After performing a thorough review of the network and it’s topology it has been determined that several vectors exist that could open the network and the company up to potential malicious attacks. These vectors, if not resolved, could lead directly to loss of confidential data that could significantly impact day-to-day operations. I have briefly laid out each vulnerability and the potential impact on the organization.
Malicious attacks can happen at any time and it is important that organizations are aware of the dangers present within their own network topologies. Three of the threats that have been identified are FTP attack, Email Phishing and WAP exploitation. FTP or File Transfer Protocol is a network protocol commonly used to transfer files from one host to another. Natively, FTP is not secured and is vulnerable to brute force attacks, bounce attacks, packet sniffing, and spoof attacks (Allman & Ostermann, 1999). Phishing email messages are typically intended to steal the targets money. Attackers can do this by installing malicious software on your computer or utilizing social engineering to persuade you to install the software or abdicate personal information under deceitful pretenses (Microsoft, 2015). An example of wireless access point or WAP exploitation is creating rogue access points within your system and tricking your employees into using it vice the secure method. This can occur through the use of personal computers or through PDAs and smart-phones (Wright, 2007) .
As previously states, the impact of the three potential threats identified could be detrimental to the company’s assets. A compromised FTP server could grant an unauthorized user access to confidential corporate and personnel files. In 2012, Forensicon, a security firm, was able to browse to an FTP site at the Chicago Board of Elections. This breach granted him access to private voter files. These files included driver’s license numbers, cell phone numbers, emails, dates of birth and more (Policy Patrol, 2012). This is just one of many examples of how FTP not a secure ware to store and exchange confidential files since it offers no form of encryption.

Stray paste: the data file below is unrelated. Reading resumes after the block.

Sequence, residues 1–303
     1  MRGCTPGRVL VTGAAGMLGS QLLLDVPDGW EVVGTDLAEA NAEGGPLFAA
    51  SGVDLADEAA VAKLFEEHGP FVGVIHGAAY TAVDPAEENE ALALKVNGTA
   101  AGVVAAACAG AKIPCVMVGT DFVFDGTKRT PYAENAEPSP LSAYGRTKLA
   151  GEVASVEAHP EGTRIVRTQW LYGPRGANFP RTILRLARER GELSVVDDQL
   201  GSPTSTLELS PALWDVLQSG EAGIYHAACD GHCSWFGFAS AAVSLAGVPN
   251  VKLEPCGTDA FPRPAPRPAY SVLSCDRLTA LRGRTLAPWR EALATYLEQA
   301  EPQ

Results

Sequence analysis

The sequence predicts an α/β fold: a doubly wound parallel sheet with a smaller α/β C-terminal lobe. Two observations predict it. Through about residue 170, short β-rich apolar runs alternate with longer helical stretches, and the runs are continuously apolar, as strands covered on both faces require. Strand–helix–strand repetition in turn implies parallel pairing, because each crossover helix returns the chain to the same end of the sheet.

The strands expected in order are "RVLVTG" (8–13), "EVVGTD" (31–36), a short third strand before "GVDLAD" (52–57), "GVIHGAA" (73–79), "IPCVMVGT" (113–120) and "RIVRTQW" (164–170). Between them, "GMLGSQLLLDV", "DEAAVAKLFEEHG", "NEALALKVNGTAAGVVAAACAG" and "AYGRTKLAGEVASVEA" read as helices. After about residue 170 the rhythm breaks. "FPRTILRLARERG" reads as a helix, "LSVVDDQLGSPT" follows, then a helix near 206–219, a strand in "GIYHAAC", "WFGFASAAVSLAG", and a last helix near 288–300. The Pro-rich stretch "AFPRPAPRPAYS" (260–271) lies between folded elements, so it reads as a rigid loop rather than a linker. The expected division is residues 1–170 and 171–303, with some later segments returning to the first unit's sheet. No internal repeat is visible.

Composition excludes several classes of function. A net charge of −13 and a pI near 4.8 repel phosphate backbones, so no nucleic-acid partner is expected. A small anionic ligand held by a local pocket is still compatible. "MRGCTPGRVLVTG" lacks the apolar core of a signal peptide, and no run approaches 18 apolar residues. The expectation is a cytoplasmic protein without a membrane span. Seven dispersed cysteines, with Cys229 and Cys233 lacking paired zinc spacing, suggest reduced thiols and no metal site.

Email Phishing is hard to predict because it has relies heavily on the intended target, an unsuspecting employee, clicking a link or responding to a fraudulent email. The purpose of the email is to get the target to access a compromised or spoofed website in order to install software that mines the target’s computer for sensitive information. This information, once received, could grant them further access into the files servers on the network. In a study performed by Professor Arun Vishwanath from the University of Buffalo, it was found that “an information-rich phishing message triggered a victimization rate of 68 percent among participants” (The American Bazaar Staff, 2015). Over the years, as more and more devices have become wireless, we have seen a steady rise in wireless access points. Companies have become installing them on their networks in an effort to make their employees more mobile. With this comes the added risk of wireless access pong exploitation. A common scenario used by attackers is to sniff out WAPs and utilizing the information found to create a false wireless access point. They then initiate a denial of service attack that renders the legitimate wireless access point inaccessible. When users attempt to connect they connect to the compromised wireless access point instead of their own. Once connected, the hijacker can intercept all traffic sent and received through the wireless access point and can steal credentials or infect hosts further. You can employ a few mitigations to protect yourself from the possibilities of attack via the methods spelled out above. FTP servers can be secured by utilizing FTP over Secure Shell (SSH) or Single Socket Layer (SSL) protocols. Those protocols